Every hunter should understand and prioritize taking care of their rifle and optics in the field. When the time comes to take a shot, knowing that the rifle has been cared for through adverse conditions will bring you peace of mind and lead to better shooting. I protect my optics and action with a specialized scope cover. Covering the muzzle with electrical tape before and after shooting is also a best practice. Watch this video to see my system. I’d love to hear if you have any tips or tricks, so leave a comment on YouTube with your feedback.
Field shooting while hunting poses numerous challenges to new and experienced hunters alike. The biggest challenge will be the hunter themselves: “buck fever,” stress, nerves, pressure, whatever you want to call it. Seeing the animal of a lifetime within shooting range raises the adrenaline, unlike anything else. Taking the shot you’ve trained for with an elevated heart rate and everything that comes with stress is a topic for another day. Today’s topic is about getting a good rest and ensuring your rifle is steady before you take the shot.
“If you can get closer, get closer. If you can get steadier, get steadier.”
Jeff Cooper, The Art of the Rifle
Mountain hunts offer all kinds of difficulties: elevation to climb, inclement weather, remoteness and a lack of cover (there are lots more). This last item can also be an advantage to the rifle shooter. Mountain environments are often relatively clear of high vegetation to block your line of sight. Position yourself on a spine or ridge overlooking your quarry, and you may have a clear trajectory for your bullet. More often than not, the ground feature where you’re laying will be far enough that an off-hand shot is impossible. The answer: get low and get steady.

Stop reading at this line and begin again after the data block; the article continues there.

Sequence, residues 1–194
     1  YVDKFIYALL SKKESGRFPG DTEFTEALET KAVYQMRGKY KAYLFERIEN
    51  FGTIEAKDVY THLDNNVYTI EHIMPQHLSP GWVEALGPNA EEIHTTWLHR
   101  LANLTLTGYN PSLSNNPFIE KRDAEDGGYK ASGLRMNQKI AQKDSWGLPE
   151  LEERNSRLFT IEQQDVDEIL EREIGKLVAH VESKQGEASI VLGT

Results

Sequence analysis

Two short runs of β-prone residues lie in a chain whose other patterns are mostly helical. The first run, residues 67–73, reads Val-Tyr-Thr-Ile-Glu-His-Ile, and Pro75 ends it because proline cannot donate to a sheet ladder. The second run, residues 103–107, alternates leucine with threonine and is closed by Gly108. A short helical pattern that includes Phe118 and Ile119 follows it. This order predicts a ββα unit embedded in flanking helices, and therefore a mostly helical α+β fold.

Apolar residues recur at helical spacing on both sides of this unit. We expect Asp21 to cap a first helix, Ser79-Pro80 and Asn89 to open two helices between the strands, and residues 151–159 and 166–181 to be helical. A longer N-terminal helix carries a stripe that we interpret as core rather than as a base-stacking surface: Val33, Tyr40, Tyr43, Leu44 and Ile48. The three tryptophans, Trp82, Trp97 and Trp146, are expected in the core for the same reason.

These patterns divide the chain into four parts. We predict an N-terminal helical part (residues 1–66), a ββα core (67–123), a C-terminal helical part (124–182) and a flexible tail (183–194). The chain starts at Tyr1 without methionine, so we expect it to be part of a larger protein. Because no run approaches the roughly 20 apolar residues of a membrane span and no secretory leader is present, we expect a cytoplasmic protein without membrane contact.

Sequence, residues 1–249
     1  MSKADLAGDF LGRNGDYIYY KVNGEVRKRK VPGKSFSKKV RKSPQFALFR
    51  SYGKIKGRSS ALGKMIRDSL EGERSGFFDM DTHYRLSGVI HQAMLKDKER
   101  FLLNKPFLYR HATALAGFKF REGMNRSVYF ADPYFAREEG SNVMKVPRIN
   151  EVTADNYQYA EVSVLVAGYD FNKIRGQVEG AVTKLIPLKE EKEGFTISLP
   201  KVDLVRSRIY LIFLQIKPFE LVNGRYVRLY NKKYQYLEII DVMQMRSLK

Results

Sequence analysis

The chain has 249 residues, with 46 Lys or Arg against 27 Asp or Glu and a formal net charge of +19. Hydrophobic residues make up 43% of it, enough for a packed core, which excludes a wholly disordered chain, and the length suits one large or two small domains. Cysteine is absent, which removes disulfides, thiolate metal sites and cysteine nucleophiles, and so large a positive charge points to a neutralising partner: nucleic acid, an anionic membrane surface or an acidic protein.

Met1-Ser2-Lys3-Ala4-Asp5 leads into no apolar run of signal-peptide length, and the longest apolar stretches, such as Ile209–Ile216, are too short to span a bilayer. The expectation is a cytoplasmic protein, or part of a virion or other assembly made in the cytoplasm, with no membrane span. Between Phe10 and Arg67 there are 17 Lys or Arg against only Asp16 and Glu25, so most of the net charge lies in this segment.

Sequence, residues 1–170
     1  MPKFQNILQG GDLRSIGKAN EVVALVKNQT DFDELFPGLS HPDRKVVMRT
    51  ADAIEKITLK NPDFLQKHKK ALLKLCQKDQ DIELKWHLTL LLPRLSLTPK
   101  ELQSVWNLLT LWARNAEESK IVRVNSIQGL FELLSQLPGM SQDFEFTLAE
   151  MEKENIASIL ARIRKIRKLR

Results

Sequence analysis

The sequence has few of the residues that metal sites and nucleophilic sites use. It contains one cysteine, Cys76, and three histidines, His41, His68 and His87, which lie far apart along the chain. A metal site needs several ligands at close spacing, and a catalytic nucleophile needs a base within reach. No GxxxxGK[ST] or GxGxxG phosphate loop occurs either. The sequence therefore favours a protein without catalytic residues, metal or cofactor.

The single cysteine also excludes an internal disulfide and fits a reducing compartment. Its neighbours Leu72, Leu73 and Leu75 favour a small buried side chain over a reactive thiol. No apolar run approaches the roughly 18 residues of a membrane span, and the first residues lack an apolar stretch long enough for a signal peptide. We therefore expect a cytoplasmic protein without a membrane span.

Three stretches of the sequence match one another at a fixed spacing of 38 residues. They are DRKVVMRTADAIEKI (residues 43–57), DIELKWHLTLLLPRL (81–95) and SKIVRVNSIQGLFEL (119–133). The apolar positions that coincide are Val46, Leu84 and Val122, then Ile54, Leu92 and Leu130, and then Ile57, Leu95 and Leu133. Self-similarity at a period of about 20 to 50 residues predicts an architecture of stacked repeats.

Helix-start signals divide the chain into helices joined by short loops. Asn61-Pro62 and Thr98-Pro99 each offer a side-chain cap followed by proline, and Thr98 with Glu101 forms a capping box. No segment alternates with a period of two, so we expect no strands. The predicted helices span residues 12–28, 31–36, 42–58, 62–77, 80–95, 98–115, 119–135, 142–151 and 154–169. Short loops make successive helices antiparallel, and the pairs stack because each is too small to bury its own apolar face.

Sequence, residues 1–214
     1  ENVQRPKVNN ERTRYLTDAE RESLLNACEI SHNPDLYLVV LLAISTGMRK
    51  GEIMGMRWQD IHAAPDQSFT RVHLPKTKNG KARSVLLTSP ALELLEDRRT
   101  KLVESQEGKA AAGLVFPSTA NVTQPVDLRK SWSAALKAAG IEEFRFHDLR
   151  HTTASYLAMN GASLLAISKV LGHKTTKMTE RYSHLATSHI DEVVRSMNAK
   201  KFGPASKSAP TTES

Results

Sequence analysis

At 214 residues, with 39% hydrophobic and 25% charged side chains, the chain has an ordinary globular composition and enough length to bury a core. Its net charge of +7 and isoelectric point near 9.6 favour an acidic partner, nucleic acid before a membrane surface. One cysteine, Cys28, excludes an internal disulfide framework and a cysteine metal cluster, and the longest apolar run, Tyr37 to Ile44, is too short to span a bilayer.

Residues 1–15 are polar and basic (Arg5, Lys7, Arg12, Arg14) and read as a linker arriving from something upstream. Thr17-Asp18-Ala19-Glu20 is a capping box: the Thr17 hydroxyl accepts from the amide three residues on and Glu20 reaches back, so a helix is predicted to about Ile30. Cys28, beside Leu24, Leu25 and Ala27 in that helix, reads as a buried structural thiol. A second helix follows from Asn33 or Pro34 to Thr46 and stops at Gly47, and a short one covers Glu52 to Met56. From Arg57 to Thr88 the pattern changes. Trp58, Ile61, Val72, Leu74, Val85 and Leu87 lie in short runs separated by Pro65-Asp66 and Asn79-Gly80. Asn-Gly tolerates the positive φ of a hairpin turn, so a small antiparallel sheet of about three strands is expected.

Mountain shooters need to be prepared to take long shots. Shooting out past 300 yards will introduce much complexity into your ballistics and require all your skill. Now, what if this shot comes on day 10 of your once-in-a-lifetime sheep hunt? You’ll wish you had a better rest. What if this shot comes on day 3 of your only hunt of the year? You’ll wish you had a better rest.
Are you ready for this shot?
The goal is to keep your rifle still while shooting. Your bench rest or a sandbag is a superb option at the range. These allow you to test your ballistics as far as your optics are capable and reduce the shooter’s error.
On the mountain, things are a bit different. The ground may be sloping. You are likely hugging the ground to remain hidden. Winds can be swirling, and your heart will be pumping. So how do you stay steady on your mountain hunt? I’m going to go over the different kinds of rest.
The bipod is a convenient method to steady your rifle. Most bipods have independently adjustable legs and possibly even additional adjustment capacity to ensure your rifle is horizontally level. Canting the rifle to one side will result in a missed show. I often hunt with my bipod on the rifle at all times, requiring just a few flicks of the wrist to open the bipod and have a good rest. Bipods allow the shooter to raise and lower the muzzle quickly, which can also introduce instability. The use of a rear bag will provide additional steadiness to the muzzle. You can use a rolled-up jacket or another article of clothing under the butt of the rifle to act as the rear bag.